This argument is compelling but doesn’t stand up to scrutiny.
To begin with, recent studies in the Proceedings of the National Academy of Sciences, using more advanced analytical methods, have discovered that ancient humans may have begun eating grasses and cereals before the Paleolithic era even began — up to three or even four million years ago!
Further research has revealed granules of grains and cereal grasses on stone stools starting at least 105,000 years ago.
Meanwhile, grain granules on grinding tools from all over the world suggest that Paleolithic humans made a widespread practice of turning grains into flour as long as 30,000 years ago.

In other words, the idea that Paleolithic humans never ate grains and cereals appears to be a bit of an exaggeration.

Are beans really bad for you?
Grains are not the only plant type that the Paleo diet typically limits. Advocates also recommend that you avoid legumes (beans, peanuts, peas, lentils) — and for a similar reason.

However, the idea that legumes were not widely available or widely consumed in Paleolithic times — like the argument that humans didn’t eat grains in the Paleolithic era — is false.
In fact, a 2009 review revealed that not only did our Paleolithic ancestors eat legumes, these were actually an important part of their diet! (Even our primate cousins, including chimpanzees, got into the bean-eating act.)
Legumes have been found at Paleolithic sites all over the world, and in some cases were determined to be the dominant type of plant food available. In fact, the evidence for wild legume consumption by Paleolithic humans is as strong as it is for any plant food.

What about anti-nutrients?
Okay. Maybe our ancient ancestors did eat a little bit of grain and some legumes — so the argument from history doesn’t really hold.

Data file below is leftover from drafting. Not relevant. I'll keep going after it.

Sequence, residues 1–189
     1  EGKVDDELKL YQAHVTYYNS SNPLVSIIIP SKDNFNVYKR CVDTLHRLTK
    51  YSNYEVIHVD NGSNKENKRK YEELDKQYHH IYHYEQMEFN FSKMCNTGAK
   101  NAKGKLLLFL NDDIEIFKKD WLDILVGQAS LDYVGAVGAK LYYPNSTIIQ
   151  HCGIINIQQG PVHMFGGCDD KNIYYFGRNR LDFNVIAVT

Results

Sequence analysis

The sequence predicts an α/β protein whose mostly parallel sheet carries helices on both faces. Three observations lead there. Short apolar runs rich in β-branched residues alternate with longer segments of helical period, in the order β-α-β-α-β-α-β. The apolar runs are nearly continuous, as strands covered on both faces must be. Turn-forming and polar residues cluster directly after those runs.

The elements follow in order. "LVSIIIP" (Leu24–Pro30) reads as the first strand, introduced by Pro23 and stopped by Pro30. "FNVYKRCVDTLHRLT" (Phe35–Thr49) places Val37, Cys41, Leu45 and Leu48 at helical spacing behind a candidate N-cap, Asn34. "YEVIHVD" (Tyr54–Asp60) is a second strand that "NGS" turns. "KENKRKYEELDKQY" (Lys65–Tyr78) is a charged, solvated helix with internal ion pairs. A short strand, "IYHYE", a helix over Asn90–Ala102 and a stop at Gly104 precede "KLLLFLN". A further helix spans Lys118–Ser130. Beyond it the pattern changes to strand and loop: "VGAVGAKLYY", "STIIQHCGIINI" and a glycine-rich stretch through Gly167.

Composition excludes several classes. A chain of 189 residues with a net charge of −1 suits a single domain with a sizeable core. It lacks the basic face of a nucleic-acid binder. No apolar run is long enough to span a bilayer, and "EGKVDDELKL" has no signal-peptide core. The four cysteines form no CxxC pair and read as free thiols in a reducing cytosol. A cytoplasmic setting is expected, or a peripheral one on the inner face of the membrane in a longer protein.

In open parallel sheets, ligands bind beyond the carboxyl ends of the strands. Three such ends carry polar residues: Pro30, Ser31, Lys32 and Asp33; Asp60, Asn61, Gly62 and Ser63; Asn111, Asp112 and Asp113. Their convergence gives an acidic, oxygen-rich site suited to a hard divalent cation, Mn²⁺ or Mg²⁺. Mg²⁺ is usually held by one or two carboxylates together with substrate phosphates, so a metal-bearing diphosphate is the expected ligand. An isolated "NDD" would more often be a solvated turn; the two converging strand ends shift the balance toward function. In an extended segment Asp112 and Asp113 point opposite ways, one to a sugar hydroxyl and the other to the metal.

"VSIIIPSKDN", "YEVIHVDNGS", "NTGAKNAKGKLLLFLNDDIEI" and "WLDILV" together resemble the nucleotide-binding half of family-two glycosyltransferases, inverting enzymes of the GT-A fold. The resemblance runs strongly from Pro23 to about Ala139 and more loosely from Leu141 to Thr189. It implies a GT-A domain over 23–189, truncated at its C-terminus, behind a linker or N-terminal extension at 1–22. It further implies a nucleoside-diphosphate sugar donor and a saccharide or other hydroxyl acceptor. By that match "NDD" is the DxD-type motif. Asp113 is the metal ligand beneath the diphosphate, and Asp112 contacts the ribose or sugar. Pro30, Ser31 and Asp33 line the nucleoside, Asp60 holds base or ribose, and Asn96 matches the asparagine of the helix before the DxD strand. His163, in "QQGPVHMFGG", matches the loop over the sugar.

But Paleo proponents also offer another reason to avoid these foods: Their high concentration of anti-nutrients, which supposedly reduces their nutritional value to zilch.
There’s just one problem with this argument. It’s wrong.
Indeed, research suggests that the benefits of legumes far outweigh their anti-nutrient content, especially in light of the fact that cooking eliminates most anti-nutrient effects.
Lectins and protease inhibitors, in particular, are greatly reduced with cooking. And once cooked, these chemicals may actually be good for us. Lectins may reduce tumor growth, while protease inhibitors become anti-inflammatory and anti-carcinogenic.

Phytic acid
But what about phytate?
Grains, nuts, and legumes are rich sources of this anti-nutrient, which can bind to minerals such as zinc and iron and prevent their absorption. Surely that, in itself, is enough reason to avoid grains and legumes?
Not necessarily.
While phytic acid can be toxic if we eat too much of it, in more reasonable amounts it actually offers benefits.
For example, it can:
have antioxidant activity
protect DNA from damage
be prebiotic (i.e. bacteria food)
have anti-cancer properties
reduce bioavailability of heavy metals like cadmium and lead.
And, in a mixed diet composed of other nutrient-dense whole foods, phytic acid is unlikely to cause problems.

In fact, nearly all foods contain anti-nutrients as well as nutrients — particularly plant foods.
For example, incredibly healthy foods such as spinach, Swiss chard, many berries, and dark chocolate are also sources of oxalate, an anti-nutrient that inhibits calcium absorption.
Green tea and red wine contain tannins, another anti-nutrient that inhibits zinc and iron absorption.
And so on.

Overall, phytic acid and other so-called anti-nutrients probably have a “sweet spot” (just like most nutrients).
Eating none or a small amount might be inconsequential.
Eating a moderate amount might be good.
Eating too much will hurt you.

Grains and inflammation
Another argument for a Paleo diet is that eating grains can lead to inflammation and related health problems.
While this can be true for people with celiac disease (about 1% of the population) and for those with non-celiac gluten sensitivity (estimated to be about 10% of the population, if it even truly exists), on the whole, the research does not support this argument any more than it supports the argument about anti-nutrients.